"The political prisoners are all alive and in good hands," he said.

"Good hands" might be an inaccurate term. A former prison guard who escaped Eritrea in 2010 said Seyoum's hands were bound 24 hours a day. The guard also said that the journalist was being held at the maximum security prison north of Asmara.

The Eritrean government has never commented on Seyoum's arrest or disclosed his location or condition. His family and friends have not had access to him since he was taken away.

Niece seeks uncle's release

Seyoum's 19-year-old niece Vanessa Berhehas been campaigningfor her uncle's release for years. She started a website,, to raise awareness of his plight.

She led a silent protest September 23 in London in which people wore black bandanas over their mouths and marched silently to the Eritrean embassy. Berhe said she hopes the attention will pressure Eritrean leaders to at least offer a trial for the jailed journalists and political dissidents.

"The main purpose was to stand in solidarity and in that action also to stand in protest. So our act of solidarity was also an act of protest," she told VOA. "What we're calling for and what we've been calling for since day one is to give these people a fair trial. I mean we think they should be released, but if there is any doubt of their innocence, give them due justice and a trial." 

Seyoum, 66, was a famed war photographer during Eritrea's 30-year struggle for independence. He later held various positions including head of the state-run television station Eri-TV.

Between 1998 and 2000, during Eritrea's war with Ethiopia, Seyoum was critical of the government's secrecy and increasing restrictions on free speech and democracy. He apparently made enemies.

The state-run television continues to use his photographs during their broadcasts.

"If they use his materials on television fairly regularly, or frequently anyway, why don't they release him?" asks Andrew Stroehlein, European media director for Human Rights Watch.

Family still hopeful

Seyoum Tsehaye, 66, was a war photographer during Eritrea's 30-year struggle for independence. He later held various positions including head of the state-run television station Eri-TV.

Seyoum Tsehaye, 66, was a war photographer during Eritrea's 30-year struggle for independence. He later held various positions including head of the state-run television station Eri-TV.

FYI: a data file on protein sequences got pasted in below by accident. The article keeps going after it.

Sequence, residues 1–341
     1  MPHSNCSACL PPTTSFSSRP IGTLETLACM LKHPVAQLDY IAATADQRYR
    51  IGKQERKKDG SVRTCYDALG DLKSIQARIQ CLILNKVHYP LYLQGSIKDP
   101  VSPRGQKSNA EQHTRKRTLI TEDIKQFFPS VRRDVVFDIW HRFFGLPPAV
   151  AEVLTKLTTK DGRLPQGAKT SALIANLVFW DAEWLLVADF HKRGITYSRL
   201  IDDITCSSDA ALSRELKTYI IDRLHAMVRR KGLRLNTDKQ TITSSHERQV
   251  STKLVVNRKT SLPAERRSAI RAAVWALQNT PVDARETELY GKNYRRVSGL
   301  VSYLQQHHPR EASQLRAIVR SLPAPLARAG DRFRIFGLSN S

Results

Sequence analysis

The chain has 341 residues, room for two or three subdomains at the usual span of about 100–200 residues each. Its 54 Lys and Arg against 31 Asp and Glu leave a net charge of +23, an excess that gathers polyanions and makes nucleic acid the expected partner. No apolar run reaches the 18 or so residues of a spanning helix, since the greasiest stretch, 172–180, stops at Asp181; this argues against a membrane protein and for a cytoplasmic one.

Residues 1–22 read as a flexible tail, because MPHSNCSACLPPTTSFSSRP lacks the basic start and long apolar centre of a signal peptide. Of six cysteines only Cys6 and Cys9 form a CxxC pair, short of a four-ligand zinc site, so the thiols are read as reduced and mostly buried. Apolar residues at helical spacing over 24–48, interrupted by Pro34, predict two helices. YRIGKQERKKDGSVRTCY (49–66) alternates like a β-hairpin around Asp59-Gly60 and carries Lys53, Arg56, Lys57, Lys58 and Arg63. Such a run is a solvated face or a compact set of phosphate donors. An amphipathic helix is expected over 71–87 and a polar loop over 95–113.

Berhe said her family hasn't given up hope of seeing him again and believes the campaign will draw the attention of more people.

"He believed in the power of the word, the power of the people and the power of democracy, and I want to show him that what he believed in was strong enough to get him released," she said.

Seyoum's wife and two daughters now live in France. The older daughter, Abie, was two years old when the government arrested her father, and his wife was seven months’ pregnant with their youngest daughter, Beilula.

"The youngest one doesn't have any memories because she never met him. It's very tough for her," Berhe said. "The fact that she doesn't even have any memories and no connection with him whatsoever and that it is impossible to get it because he is imprisoned is something that she's been carrying with her for a very long time."


Human Rights Watch said it plans to continue the Free Them campaign, addressing a different case each week. Unfortunately, Stroehlein said, there is no danger that the rights group will run out of cases.

"We can literally do one political prisoner every hour, and we still wouldn't scratch the surface of a number of people that we're talking about around the world," Stroehlein said. "We're looking at a lot of regimes that are actually getting worse and worse, that are jailing civil society and activists, opposition figures more and more.”

"There's a huge number and so you know it's not fair to take one person over the others,” he added, “but if one person is a symbol for the others, it might be able to put a face on this kind of persecution."


Thousands of people flee the country illegally every month to skip military service, but getting out is too expensive for most

Passangers wait for a bus in Eritrea’s capital, Asmara.
People wait for a bus in Asmara, the capital of Eritrea. Life is hard for those who cannot afford a border crossing. Photograph: Thomas Mukoya/Reuters

Outside a cafe on the crossroads of a busy intersection in Asmara, three 25-year-olds sip macchiatos and catch up on the latest gossip in the bright morning sunshine. The conversation soon turns to people who have “skipped”, a term for those who have fledEritreato escape the indefinite national service programme.

Birhane, 25, who works as a mechanic in a government-owned garage, said: “Between us, we probably know about 300 people who have skipped in the last few years. They are leaving because we have to do what the government tells us to do.”

In 1991, when Birhane, Henok and Adonay were born, Eritrea had just gained independence fromEthiopiaafter 30 years of war. In the early years, many people were optimistic about their future and their leaders.

Today, theatmosphere in Asmarais markedly different. Isaias Afewerki, the former leader of the liberation struggle, is still in power 25 years later, and a resumption of hostilities with Ethiopia at the turn of the millennium inflicted huge human and economic damage on the country, exacerbating its slide into a military state.